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Showing posts from July, 2015

1900-The Golden Age of the Transatlantic Steamship

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While in search of a location for my first venture into writing an Edwardian cosy mystery, I discovered the extensive information given on the Atlantic Transport Line Website. Four sister ships, known as the ‘Minne’ class, were commissioned from Harland and Wolff in Belfast in 1898. The Minneapolis, Minnehaha, Minnetonka, and Minnewaska. At 600 feet long, the Minneapolis had the largest tonnage of any ship afloat [excepting the Oceanic] and were among the first vessels fitted for wireless telegraphy. She left New York in April 1900 with a complement of seventy eight first class only passengers and fifty five crew.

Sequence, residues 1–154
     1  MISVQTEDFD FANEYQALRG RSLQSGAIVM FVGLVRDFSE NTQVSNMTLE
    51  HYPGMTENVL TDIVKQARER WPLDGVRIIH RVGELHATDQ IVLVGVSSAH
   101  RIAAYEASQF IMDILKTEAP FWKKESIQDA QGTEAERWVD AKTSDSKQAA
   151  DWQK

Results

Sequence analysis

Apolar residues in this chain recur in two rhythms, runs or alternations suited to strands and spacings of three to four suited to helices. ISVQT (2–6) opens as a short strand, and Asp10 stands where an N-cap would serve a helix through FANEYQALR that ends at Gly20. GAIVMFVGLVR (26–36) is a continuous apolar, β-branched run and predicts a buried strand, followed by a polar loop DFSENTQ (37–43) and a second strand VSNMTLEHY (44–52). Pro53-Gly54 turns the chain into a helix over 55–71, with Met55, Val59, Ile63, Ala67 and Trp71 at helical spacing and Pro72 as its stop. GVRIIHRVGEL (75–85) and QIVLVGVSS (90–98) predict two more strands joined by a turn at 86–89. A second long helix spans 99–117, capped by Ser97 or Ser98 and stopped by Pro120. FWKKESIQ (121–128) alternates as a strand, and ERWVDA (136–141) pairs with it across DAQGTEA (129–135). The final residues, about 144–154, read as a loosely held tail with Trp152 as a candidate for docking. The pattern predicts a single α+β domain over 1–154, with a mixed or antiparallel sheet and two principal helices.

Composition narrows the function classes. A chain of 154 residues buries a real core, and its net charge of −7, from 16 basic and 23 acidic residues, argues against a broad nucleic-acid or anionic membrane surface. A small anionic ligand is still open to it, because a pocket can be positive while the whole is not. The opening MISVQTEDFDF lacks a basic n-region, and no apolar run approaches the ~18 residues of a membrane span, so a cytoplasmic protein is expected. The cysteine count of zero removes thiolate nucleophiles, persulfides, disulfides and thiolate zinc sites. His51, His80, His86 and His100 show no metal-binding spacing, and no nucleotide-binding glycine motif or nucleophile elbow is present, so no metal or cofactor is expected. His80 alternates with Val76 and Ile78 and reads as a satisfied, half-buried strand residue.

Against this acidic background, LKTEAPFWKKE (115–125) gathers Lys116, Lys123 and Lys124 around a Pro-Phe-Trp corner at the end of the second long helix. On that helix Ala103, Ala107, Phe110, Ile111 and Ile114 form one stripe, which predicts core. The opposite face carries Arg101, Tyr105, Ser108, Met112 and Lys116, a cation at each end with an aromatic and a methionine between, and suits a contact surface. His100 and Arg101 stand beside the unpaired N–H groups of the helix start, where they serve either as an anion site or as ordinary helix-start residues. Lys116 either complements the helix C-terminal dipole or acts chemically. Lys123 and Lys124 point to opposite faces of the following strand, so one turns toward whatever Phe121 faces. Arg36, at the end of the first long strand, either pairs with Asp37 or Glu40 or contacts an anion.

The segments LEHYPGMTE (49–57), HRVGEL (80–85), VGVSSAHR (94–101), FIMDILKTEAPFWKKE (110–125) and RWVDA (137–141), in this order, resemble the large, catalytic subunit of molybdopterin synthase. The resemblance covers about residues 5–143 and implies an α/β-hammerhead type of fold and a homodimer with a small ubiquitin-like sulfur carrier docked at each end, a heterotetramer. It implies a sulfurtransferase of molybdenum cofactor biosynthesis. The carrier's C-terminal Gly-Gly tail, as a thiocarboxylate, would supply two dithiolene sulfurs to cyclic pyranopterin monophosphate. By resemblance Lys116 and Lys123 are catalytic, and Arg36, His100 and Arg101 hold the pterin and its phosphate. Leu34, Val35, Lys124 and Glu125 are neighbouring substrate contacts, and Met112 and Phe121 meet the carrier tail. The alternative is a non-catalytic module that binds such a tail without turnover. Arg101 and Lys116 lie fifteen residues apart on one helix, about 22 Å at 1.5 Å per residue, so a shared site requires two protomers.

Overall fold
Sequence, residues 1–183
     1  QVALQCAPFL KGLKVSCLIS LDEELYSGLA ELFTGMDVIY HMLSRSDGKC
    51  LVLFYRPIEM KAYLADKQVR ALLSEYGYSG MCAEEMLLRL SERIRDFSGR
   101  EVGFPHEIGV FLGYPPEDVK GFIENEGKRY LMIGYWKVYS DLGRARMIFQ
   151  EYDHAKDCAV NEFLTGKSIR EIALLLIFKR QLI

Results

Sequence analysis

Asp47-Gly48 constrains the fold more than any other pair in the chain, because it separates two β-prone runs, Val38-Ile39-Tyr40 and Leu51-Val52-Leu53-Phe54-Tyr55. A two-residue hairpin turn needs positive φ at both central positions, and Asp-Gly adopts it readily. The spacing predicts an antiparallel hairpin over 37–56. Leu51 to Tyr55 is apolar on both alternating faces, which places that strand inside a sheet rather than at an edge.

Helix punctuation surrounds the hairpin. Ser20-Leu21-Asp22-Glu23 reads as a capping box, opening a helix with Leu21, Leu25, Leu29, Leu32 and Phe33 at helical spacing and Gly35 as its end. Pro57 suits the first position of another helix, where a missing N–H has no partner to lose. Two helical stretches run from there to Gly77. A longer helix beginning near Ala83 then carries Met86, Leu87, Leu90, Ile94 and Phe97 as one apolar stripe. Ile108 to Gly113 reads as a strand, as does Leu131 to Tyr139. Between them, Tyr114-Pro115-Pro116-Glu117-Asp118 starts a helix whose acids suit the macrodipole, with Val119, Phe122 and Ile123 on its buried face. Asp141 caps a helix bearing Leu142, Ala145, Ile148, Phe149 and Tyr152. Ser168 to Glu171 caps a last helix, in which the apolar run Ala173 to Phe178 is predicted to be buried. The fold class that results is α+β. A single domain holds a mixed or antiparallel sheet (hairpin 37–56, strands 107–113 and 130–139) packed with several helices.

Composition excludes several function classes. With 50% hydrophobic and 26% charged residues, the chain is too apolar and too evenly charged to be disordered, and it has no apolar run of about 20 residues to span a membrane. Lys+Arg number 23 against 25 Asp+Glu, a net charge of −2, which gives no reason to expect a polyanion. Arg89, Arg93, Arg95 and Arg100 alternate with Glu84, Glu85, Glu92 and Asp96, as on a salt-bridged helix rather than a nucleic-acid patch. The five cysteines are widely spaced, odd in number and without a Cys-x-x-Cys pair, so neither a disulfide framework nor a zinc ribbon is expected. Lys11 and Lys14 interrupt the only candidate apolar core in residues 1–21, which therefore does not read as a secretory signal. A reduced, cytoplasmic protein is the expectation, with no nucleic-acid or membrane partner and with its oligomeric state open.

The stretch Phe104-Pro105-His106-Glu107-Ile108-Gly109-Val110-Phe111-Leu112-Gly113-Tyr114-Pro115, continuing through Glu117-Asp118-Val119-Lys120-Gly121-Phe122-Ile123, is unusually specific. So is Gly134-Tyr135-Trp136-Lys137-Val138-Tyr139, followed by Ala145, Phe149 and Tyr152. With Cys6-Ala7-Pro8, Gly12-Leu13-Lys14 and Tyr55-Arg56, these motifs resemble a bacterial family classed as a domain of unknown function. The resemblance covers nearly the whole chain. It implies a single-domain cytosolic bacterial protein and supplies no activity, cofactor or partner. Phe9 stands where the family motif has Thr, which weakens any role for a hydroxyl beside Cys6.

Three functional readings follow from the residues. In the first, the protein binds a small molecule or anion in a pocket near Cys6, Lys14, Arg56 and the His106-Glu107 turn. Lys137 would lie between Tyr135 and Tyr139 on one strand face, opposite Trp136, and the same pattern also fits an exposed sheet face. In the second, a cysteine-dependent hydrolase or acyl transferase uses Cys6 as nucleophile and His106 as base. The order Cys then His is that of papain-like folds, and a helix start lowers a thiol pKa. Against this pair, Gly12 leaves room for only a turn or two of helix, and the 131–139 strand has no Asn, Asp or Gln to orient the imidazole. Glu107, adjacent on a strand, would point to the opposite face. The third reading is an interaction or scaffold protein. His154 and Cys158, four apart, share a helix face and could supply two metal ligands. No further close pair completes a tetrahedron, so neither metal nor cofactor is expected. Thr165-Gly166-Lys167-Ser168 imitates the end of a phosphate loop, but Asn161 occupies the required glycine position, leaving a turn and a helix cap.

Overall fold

I chose the SS Minneapolis, which left New York in April 1900 on her maiden voyage - which technically made my novel a Victorian cosy!


The Illustrated London News May 1900

Everything on the Minneapolis is of the best quality, but as simple as possible. The walls of the saloon are in light oak with allegorical figures burnt in the woodwork; an exquisite frieze in the same …

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